It’s not every day that you get to meet with your country’s president, but last week our staff member Eva Salas got to do just that. Carlos Alvarado Quesada, the president of Costa Rica, recently visited Silicon Valley with his team. His goal was to meet with the tech industry, as the country is working to become a technology hub. During his visit, some of the Costa Ricans that live in the area were invited to a meeting to discuss the challenges facing the country. Eva, a Costa Rican native, took the opportunity to speak on behalf of the environment. Costa Rica is regarded as a global leader in conservation, and recently launched an ambitious plan to address climate change by “decarbonizing” its economy to achieve zero carbon emissions by 2050. Eva shared the following message with the group:
“Thank you, Mr. President, for being here today with us. I am very proud of the government for launching the decarbonization plan. This is a great example to other countries and is inspiring many citizens to act. Besides reducing carbon emissions, it is critical to reduce the impacts of climate change that we are already feeling. Along with the decarbonization plan, the country needs to prioritize adaptation strategies for coastal communities, and there needs to be a commitment to preserve the health and resilience of our ecosystems so they can survive the impact.”
“Costa Rica is a world leader in protecting nature, but it still has pending important goals in the protection of our oceans and water. Two of the biggest issues are shark finning and the trawling fishery. We cannot continue with these unsustainable practices. Instead, the country needs to support local communities and sustainable fishing initiatives, and promote the study and monitoring of fish populations in the oceans and freshwater. Please know that here in Silicon Valley are many people and organizations willing to help with these issues, it is more than a technology hub. We can have a great exchange of ideas and projects”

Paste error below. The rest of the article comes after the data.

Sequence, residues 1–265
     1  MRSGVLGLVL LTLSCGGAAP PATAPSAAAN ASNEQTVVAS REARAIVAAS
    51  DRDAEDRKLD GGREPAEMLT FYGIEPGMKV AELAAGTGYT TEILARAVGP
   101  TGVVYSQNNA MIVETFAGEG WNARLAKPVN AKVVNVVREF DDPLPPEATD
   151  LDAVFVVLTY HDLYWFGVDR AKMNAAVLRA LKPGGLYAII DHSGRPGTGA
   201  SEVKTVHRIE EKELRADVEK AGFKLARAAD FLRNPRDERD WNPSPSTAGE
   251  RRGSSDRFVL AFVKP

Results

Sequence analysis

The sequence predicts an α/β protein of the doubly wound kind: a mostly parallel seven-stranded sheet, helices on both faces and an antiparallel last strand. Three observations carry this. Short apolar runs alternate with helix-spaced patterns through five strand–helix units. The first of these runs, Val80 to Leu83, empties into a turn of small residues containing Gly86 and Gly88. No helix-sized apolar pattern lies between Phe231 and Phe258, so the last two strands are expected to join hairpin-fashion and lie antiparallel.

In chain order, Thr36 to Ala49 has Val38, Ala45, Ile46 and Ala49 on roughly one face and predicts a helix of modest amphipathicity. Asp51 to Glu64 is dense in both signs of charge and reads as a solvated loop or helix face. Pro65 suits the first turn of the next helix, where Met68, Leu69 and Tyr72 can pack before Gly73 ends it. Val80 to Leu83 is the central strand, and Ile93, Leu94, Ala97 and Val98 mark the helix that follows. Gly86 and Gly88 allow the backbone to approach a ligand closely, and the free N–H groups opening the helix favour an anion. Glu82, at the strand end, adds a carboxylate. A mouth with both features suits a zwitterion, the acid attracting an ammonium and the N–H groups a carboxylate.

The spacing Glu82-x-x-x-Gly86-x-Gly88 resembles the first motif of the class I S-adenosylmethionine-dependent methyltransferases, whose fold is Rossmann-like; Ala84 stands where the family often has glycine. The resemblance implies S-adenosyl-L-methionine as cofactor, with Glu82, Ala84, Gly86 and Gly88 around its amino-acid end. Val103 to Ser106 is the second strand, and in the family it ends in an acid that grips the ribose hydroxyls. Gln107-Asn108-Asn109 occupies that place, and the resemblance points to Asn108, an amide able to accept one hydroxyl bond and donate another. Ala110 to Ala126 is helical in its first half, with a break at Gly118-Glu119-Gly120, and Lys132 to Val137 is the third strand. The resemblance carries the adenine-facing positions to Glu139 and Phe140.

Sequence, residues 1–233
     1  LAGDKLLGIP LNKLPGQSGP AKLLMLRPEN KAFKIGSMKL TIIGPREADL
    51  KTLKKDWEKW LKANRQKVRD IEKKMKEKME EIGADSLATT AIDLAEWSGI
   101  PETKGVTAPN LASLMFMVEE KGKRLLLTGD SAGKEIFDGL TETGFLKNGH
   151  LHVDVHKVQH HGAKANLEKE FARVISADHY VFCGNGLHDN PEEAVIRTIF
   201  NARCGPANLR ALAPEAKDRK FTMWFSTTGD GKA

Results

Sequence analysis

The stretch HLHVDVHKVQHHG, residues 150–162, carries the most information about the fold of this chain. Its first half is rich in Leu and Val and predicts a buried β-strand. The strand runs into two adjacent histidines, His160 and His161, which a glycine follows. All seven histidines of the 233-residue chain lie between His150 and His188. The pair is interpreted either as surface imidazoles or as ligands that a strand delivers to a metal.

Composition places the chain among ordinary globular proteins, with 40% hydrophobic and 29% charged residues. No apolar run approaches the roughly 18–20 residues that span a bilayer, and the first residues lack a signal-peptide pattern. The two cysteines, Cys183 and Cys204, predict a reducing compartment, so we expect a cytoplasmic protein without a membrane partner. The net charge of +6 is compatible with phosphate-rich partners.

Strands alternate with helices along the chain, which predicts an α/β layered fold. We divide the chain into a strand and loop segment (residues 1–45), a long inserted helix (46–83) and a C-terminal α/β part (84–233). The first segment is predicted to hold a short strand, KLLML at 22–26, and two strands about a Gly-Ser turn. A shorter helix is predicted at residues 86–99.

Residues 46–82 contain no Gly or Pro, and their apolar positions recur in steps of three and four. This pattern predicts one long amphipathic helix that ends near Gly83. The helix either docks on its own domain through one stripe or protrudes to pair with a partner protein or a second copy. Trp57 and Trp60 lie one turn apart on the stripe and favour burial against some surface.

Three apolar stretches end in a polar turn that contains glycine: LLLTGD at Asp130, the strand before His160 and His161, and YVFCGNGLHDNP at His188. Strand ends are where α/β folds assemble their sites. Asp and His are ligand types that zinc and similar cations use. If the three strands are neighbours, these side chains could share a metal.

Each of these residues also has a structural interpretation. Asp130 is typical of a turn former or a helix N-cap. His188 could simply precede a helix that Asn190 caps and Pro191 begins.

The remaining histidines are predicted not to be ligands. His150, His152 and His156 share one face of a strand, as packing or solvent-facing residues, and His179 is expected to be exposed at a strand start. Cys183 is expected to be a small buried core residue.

During the discussion, the president mentioned that one of the biggest issues is the lack of jobs for people in coastal communities. One of his primary concerns is the role of education and how to keep students from leaving school. He encouraged the group to help bring inspiration, and that sometimes Costa Ricans feel that opportunities are out of reach, or are afraid of taking risks. Last year, Eva joined FISHBIO’s Santa Cruz office to help us develop research, conservation, and education efforts in Costa Rica. We are looking forward to exploring future opportunities and helping to learn and create inspiration about Costa Rica’s incredible natural environment.